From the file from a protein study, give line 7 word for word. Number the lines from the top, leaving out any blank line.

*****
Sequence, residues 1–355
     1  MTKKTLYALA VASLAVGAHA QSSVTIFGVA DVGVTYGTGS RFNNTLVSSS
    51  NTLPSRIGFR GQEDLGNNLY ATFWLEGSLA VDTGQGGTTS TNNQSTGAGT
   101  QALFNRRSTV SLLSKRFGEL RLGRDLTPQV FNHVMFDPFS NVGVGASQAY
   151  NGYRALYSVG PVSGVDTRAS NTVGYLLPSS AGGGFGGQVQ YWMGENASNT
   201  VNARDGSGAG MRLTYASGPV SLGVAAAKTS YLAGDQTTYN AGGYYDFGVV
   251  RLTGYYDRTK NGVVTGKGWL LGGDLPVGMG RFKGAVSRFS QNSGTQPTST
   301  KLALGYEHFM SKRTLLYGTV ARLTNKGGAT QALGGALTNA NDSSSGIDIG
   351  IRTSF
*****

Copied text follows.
   251  RLTGYYDRTK NGVVTGKGWL LGGDLPVGMG RFKGAVSRFS QNSGTQPTST